I once interviewed a woman who was experiencing a lot of stress in her marriage about money. She and her husband were having a hard time talking about money and integrating their money – they even filed separate tax returns–but their finances had taken a turn for the worst. She realized their inability to communicate about their financial life was taking a toll on the marriage, and wanted help.
Things really came to a head when the couple was asked to disclose their assets and financial statements to a financial planner. The couple both knew that the wife had higher income – she was a lawyer, he was an artist, but her reluctance, and near refusal to share her finances were clearly being driven by something deeper.
The planner, who also had training in psychology and therapy, was savvy enough to start asking questions about how the couple saw their parents behave with money.
It turns out that the woman’s father would always yell at the mother, sometimes threatening violence about her spending. In order to avoid these brutal confrontations, her mother would buy things and not tell the father, hide new purchases in the car, for example, often enlisting her daughter’s help.
The child fell into the ‘hide money’ mode as an adult, and it felt perfectly natural to her. Once she became aware of this pattern, however, it no longer ran the show. She could call herself out when the feelings and tendencies surfaced. Now that she and her husband knew what was really happening, he could provide compassion and support when she needed it, and she could redirect her energy towards her true goal, which was creating the financial foundation she and her husband needed to achieve their goals.
“We simply filter information through the mechanisms we developed as a child,” says financial advisor Susan Galvan. “Those deep imprints influence every decision we make, and we use them as a reference point. If we don’t go back and look at those operating systems, we will fail. We will remain at that level of understanding if it is not revisited,” she adds.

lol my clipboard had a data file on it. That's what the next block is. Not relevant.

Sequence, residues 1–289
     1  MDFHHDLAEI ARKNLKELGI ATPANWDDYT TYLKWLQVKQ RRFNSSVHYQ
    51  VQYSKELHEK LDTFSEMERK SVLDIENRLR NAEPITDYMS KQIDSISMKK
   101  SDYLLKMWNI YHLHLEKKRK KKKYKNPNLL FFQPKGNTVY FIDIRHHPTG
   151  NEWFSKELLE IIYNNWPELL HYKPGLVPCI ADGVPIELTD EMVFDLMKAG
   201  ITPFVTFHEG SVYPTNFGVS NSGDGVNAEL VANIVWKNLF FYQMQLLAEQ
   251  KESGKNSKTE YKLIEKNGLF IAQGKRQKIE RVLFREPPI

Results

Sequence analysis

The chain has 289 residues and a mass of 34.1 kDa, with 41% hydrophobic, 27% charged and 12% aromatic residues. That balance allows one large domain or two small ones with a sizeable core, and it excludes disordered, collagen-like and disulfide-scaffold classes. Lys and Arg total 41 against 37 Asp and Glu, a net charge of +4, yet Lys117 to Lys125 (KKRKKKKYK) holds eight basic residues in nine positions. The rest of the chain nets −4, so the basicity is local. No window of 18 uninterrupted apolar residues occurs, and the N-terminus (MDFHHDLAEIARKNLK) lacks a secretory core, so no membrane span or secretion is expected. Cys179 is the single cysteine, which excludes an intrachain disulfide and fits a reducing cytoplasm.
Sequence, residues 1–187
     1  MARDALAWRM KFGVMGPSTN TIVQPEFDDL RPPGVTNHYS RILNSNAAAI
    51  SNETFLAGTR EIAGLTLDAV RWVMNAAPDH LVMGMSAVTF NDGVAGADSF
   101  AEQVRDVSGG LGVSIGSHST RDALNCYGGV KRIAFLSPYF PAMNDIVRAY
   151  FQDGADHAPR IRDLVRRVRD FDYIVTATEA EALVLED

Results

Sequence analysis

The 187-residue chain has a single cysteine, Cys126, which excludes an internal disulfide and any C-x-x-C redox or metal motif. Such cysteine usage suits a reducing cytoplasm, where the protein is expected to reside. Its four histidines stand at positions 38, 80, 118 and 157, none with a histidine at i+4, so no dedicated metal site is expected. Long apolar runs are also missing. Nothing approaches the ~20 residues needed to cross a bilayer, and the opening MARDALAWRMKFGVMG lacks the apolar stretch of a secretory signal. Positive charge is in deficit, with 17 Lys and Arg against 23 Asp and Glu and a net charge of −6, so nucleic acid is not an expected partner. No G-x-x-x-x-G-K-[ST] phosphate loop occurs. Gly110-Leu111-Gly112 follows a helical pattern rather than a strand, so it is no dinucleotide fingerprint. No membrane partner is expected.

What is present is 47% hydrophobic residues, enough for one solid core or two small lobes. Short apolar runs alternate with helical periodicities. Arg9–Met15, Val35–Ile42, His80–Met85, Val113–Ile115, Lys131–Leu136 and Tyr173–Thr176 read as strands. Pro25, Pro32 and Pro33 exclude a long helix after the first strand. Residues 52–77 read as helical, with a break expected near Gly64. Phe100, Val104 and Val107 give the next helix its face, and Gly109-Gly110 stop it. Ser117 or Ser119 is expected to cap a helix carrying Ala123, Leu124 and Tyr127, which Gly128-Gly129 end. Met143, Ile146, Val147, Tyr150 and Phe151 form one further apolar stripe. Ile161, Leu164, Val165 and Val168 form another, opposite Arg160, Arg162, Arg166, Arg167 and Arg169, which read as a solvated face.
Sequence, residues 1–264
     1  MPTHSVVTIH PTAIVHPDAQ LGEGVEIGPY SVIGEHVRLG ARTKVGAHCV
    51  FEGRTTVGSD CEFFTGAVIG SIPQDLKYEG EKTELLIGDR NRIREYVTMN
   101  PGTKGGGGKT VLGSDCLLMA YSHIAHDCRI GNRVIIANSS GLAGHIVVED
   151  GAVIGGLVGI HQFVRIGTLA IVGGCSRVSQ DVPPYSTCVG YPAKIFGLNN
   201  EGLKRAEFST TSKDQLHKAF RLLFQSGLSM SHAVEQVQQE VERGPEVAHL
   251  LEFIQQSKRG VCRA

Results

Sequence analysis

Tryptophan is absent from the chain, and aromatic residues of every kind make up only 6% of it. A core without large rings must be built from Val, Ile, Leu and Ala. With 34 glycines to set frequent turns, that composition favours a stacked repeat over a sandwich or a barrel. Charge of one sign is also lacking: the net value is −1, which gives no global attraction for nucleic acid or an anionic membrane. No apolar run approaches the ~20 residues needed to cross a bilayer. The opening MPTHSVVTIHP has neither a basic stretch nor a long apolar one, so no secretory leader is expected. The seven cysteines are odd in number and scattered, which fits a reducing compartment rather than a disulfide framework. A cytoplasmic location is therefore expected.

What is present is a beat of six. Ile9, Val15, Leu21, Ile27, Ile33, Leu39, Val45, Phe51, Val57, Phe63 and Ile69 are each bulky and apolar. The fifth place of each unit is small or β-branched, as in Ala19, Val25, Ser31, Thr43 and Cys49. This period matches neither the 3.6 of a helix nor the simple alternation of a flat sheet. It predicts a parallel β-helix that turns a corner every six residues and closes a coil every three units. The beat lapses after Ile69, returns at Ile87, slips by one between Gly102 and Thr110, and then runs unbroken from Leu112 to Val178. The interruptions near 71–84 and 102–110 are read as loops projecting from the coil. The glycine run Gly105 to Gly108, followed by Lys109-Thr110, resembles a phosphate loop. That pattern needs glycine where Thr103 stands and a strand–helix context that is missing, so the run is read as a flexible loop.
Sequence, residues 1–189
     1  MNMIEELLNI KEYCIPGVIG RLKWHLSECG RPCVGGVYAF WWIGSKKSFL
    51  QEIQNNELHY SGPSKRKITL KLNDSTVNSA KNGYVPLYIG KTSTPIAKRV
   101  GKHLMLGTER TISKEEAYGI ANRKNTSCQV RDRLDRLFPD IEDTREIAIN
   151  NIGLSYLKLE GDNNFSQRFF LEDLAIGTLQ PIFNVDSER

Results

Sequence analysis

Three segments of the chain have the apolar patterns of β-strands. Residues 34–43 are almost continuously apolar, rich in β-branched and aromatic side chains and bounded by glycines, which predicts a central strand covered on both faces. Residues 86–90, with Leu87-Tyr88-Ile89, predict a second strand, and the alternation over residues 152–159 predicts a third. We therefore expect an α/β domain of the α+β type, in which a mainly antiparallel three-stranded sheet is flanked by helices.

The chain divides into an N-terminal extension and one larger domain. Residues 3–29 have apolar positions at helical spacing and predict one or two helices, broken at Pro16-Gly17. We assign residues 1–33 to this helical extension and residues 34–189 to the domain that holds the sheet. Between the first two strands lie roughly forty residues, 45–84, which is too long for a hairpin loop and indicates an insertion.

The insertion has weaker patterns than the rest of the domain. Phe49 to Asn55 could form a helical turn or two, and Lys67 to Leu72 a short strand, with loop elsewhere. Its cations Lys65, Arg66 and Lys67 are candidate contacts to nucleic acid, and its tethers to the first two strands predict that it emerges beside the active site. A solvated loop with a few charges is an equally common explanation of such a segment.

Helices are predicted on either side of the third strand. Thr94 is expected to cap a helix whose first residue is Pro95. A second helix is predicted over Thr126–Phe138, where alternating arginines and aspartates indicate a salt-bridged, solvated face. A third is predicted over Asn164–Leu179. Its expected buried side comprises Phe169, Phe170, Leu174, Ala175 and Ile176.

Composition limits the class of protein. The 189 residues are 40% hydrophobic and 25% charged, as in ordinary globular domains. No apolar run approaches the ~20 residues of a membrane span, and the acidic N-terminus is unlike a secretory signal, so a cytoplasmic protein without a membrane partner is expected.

Don’t Blame Mom & Dad
Chances are, your parents or primary caregivers didn’t realize that their unspoken words and unexamined actions were speaking volumes. And you certainly didn’t have the presence of mind to tell them, “your behavior and patterns are literally programming my brain in ways that will hurt me financially as an adult.” I definitely want to hear from you if you did!
Most important, remember that the people who raised you were dealing with their own conditioning about money from the people who raised them and the environments they were raised in. Think about that for a moment.
“This conversation is not about blaming mom and dad. It’s really about discovering the messages that you got, some recognizable and some unspoken, that have formed you now,” says Marty Carter, a family counselor specializing in financial behavior and licensed clinical social worker.
“If they’re good, you want to keep them. If not, instead of blaming mom and dad, see what you can do differently.”
A Look Inside
The point where you are bound is also the point where you will be set free. Think about the following questions 5 questions and see where you may need to rewrite your early scripting about money.
- What was your family’s attitude about the following: saving, spending, debt, and investing? Are their beliefs having an impact on your choices today?
- Did you see healthy discussions about money, or was there stress around money in your household when you were growing up?
- What do you admire most about your primary caregiver’s financial behavior? Why?
- What do you consider your primary caregiver’s greatest limitation when it comes to money? How do you think this has affected them?
- Imagine yourself achieving your goals. Which of your childhood money scripts would need to be re-written? What would the new messages be?
As you examine the role your childhood conditioning is playing out in your finances today, come up with 3 things you can do to step away from those early scripts and act in ways that are consistent with your goals.
For example, if you see that your early scripting has not helped you become a good saver, set up automatic deductions: have an amount that is within your budget taken out of your paycheck and automatically deposited into a savings account each month. Pick a date to start the process.
While conditioning, like those imprints we take from our role models, is powerful, it is no match for your superpowers. Instinct, intuition, the ability to change your mind, for example, are skills you were born with – skills that will light the way on your road to abundance.